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Instructor Class Description

Time Schedule:

Lauren Summers
ENGL 250
Seattle Campus

American Literature

Introduces American culture through a careful reading of a variety of representative texts in their historical contexts.

Class description

English 250 is designed to introduce students to some of the basic themes underlying American national literary character. As critics like Cathy Davidson and Michael Warner have noted, American national culture has from its inception been a culture of letters, disseminated through pirated novels, black market pamphlets, periodicals, and other literary forms circulating throughout the new nation. Literary texts, as well as film, have been instrumental in institutionalizing themes of American identity with their audiences, thus naturalizing these ideals into American characters.

This course will begin with an examination of basic historical events of American history, paired with some methodological readings of nationalism and mythology. The following nine weeks will take students through five key themes in American culture that can be termed Mythologies of Americana: liberty, piety, entrepreneurialism, individualism, and agrarianism. We will examine a number of texts ranging from the 17th century through the 21st that take up these themes critically and uncritically in a variety of texts, including Rowlandson, Hawthorne, Cooper, Franklin, Ellison, McInerney, Kerouac, and others.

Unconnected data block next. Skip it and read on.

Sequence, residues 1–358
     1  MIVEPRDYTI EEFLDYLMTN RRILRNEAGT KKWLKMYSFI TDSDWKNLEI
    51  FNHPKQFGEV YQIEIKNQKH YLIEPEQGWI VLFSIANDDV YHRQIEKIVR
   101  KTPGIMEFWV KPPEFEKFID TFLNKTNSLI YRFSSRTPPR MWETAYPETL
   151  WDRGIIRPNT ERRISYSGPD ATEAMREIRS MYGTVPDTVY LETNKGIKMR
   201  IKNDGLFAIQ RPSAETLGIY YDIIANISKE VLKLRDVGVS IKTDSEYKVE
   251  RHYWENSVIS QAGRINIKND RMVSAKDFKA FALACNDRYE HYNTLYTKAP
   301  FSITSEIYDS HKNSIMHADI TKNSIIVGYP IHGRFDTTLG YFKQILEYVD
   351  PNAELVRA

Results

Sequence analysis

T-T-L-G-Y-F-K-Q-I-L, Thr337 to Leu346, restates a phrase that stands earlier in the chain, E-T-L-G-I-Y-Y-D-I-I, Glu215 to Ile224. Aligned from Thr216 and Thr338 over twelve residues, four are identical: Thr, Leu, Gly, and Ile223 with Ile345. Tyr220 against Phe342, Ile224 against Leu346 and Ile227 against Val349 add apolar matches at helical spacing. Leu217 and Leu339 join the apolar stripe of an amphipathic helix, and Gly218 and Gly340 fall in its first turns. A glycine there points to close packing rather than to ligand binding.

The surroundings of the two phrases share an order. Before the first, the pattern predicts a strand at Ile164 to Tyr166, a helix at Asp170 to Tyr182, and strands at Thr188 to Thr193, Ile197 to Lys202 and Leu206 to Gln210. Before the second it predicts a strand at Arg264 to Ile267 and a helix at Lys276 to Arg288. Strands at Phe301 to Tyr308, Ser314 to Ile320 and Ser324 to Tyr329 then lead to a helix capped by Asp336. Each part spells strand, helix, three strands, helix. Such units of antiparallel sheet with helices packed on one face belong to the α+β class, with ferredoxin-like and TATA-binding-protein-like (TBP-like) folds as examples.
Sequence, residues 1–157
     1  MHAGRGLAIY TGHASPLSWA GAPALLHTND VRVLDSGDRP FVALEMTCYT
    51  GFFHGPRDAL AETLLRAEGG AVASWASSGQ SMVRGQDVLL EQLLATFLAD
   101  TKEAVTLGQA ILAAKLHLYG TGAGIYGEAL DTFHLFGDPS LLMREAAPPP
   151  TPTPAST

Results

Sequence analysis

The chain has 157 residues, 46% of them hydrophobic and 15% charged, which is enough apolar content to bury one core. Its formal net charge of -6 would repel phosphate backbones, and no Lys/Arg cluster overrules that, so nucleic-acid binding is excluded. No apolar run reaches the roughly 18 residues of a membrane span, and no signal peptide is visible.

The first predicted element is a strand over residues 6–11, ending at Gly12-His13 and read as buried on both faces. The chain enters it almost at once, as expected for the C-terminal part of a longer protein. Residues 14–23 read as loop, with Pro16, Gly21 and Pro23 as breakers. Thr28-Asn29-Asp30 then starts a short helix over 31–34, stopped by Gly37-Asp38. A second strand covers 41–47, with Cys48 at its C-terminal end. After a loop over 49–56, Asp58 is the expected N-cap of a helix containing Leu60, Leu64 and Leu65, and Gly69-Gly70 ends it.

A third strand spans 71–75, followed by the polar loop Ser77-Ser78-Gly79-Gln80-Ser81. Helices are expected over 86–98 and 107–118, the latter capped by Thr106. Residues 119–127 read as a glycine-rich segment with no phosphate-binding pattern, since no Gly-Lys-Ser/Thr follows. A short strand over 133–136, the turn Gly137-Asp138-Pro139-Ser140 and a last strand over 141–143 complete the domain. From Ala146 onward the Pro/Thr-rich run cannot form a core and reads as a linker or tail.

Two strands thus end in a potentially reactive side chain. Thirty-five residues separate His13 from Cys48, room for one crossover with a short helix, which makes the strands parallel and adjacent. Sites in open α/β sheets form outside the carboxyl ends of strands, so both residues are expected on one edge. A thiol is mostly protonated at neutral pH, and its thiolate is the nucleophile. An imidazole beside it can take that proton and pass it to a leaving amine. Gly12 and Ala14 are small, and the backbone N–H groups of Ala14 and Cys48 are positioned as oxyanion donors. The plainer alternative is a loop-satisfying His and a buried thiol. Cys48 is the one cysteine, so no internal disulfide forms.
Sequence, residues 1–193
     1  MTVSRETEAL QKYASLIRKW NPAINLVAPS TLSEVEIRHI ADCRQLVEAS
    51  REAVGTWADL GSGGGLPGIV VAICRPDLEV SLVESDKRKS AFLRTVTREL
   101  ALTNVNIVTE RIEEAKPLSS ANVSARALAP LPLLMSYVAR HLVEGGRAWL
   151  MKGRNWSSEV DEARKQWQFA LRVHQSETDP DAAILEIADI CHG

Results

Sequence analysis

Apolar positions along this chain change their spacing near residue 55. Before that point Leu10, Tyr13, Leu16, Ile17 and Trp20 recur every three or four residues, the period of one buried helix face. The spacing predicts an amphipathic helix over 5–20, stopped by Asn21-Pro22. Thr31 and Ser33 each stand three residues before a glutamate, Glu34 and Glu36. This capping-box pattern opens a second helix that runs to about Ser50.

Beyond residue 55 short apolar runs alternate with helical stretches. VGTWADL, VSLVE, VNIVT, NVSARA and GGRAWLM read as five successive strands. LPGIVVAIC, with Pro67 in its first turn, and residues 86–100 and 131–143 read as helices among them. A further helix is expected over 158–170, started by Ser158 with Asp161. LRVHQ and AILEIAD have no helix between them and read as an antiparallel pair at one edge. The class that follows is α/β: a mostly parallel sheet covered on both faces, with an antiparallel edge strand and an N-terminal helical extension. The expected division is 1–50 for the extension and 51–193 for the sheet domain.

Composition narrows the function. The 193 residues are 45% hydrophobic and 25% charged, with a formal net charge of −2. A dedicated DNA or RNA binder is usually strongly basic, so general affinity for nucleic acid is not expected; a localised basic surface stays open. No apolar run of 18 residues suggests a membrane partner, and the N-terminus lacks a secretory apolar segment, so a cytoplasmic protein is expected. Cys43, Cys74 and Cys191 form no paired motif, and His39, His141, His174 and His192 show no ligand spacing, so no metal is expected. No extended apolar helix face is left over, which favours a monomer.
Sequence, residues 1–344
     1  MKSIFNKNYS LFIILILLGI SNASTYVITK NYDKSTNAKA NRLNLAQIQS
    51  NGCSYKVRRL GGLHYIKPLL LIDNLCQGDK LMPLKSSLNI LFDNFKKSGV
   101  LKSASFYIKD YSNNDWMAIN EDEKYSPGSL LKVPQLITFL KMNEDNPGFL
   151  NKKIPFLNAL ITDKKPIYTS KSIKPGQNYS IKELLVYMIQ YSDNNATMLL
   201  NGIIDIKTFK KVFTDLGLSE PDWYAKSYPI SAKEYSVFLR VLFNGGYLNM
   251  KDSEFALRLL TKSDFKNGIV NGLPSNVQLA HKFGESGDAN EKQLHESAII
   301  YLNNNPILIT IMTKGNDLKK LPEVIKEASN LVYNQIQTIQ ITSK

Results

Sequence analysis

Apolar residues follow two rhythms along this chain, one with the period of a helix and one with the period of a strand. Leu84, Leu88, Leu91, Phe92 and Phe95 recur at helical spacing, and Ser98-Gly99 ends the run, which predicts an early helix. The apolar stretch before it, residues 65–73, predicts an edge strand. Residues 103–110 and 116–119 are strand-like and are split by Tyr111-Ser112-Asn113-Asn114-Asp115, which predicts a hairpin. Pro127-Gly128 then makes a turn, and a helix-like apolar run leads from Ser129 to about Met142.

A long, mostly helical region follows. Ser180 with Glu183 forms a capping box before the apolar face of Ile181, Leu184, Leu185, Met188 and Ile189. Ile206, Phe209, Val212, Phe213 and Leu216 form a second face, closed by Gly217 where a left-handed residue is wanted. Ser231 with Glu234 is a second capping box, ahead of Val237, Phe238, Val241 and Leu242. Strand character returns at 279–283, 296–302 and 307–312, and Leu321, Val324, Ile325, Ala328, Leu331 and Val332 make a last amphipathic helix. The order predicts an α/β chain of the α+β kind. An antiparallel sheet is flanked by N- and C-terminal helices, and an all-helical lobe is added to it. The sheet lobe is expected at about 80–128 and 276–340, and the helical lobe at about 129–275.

Student learning goals

General method of instruction

Lecture and group discussion.

Recommended preparation

Students will be required to read Howard Zinn's A People's History of the United States within the first two weeks of the quarter, and are strongly encouraged to read this text before the beginning of class if at all possible.

Class assignments and grading

Weekly Responses, Midterm, and a final 8-10 page paper.

The information above is intended to be helpful in choosing courses. Because the instructor may further develop his/her plans for this course, its characteristics are subject to change without notice. In most cases, the official course syllabus will be distributed on the first day of class.
Last Update by Lauren Summers
Date: 03/08/2011